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A faint constellation with an ironic name is climbing into view in the evening sky. Lynx is in view in the northeast by the time the sky gets fully dark. But “in view” is relative. The constellation is above the horizon, but most of its stars are so faint that you need especially clear, dark skies to see them. Skywatchers in light-polluted cities have no chance.
And that’s where the irony about its name comes in. Although it’s formally named for a small wildcat, the name was picked because you need the eyes of a lynx to see it.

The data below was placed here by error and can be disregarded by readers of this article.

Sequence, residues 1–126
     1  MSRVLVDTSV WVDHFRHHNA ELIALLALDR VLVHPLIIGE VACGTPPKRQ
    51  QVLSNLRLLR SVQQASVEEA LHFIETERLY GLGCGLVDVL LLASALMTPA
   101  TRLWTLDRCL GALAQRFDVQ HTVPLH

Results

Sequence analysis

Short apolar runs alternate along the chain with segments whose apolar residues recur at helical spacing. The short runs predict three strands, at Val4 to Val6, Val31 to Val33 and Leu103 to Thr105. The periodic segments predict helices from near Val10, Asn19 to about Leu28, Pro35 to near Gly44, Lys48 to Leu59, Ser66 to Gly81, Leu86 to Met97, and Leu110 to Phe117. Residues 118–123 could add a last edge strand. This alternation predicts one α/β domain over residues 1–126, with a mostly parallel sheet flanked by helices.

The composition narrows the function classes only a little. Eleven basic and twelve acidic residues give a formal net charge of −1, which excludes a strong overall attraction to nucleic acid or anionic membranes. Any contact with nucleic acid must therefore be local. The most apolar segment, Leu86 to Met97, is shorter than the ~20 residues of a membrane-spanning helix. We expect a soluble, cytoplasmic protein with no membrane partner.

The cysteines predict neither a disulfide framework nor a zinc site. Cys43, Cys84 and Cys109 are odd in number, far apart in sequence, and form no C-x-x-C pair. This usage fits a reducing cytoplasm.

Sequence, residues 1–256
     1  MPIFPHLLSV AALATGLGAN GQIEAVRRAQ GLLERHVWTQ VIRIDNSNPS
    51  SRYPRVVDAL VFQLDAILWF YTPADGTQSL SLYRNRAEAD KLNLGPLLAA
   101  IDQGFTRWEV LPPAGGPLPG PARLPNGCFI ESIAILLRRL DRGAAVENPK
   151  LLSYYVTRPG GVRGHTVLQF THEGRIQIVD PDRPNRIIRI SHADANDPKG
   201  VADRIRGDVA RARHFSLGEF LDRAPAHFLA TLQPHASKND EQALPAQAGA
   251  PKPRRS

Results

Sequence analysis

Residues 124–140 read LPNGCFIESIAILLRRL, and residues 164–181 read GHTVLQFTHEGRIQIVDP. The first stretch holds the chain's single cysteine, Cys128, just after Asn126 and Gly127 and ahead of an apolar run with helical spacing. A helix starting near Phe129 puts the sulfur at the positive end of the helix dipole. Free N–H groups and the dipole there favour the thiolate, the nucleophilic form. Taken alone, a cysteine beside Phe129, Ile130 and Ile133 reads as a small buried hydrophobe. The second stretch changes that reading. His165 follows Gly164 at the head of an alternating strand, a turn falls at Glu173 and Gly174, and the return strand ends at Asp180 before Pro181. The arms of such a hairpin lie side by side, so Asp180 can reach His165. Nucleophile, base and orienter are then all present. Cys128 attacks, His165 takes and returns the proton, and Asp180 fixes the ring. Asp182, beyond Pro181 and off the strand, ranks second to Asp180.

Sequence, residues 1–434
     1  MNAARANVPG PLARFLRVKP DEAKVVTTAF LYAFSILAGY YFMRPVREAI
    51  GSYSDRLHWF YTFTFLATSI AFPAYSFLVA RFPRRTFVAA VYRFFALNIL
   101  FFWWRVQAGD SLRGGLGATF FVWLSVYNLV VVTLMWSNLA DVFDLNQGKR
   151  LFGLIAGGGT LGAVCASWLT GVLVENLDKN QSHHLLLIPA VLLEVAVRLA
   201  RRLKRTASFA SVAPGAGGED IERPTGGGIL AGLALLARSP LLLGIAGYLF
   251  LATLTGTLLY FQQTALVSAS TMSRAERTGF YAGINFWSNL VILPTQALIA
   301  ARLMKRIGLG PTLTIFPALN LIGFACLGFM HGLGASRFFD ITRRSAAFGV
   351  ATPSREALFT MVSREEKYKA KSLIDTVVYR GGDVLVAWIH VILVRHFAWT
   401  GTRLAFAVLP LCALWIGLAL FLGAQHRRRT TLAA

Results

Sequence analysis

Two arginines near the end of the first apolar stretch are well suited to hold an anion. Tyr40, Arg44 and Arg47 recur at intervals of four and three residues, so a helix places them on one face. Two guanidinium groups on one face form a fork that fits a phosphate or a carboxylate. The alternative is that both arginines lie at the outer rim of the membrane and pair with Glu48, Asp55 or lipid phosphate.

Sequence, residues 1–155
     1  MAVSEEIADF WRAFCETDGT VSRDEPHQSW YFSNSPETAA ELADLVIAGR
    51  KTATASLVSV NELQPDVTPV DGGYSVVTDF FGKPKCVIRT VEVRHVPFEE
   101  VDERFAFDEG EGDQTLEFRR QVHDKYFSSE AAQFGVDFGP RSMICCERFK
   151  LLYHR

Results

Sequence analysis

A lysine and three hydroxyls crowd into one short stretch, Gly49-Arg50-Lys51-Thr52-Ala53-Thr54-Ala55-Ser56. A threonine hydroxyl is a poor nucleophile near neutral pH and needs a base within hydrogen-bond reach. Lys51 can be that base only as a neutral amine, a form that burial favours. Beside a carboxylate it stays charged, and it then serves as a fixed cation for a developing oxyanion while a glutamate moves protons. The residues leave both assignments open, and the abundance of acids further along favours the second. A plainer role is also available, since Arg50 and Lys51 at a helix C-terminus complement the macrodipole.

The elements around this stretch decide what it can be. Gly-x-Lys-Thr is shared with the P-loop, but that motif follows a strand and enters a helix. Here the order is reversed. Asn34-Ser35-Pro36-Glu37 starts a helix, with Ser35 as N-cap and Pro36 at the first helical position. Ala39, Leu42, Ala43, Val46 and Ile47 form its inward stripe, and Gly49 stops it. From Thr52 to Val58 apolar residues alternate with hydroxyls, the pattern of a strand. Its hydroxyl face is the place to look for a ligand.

Lynx was created in 1687 by Johannes Hevelius. He drafted several constellations by picking regions of the sky with few bright stars. Although most astronomers were using telescopes by then, Hevelius did most of his observing with his eyes alone. They were sharp eyes, and Hevelius was proud of his vision. So he named this constellation in part as a tribute to his own eyesight.
The brightest star is Alpha Lyncis. It’s about 200 light-years away. It’s more than 50 times the diameter of the Sun, and close to 700 times the Sun’s brightness. It’s that big and bright because it’s past the prime of life. It’s puffed up to giant proportions, which makes it especially bright.
Lynx is a zig-zagging trail of stars between the Big Dipper and the twins of Gemini. Alpha Lyncis is at the bottom of that trail, so it clears the horizon last — one of the few stars that you don’t need the eyes of a lynx to see.
Script by Damond Benningfield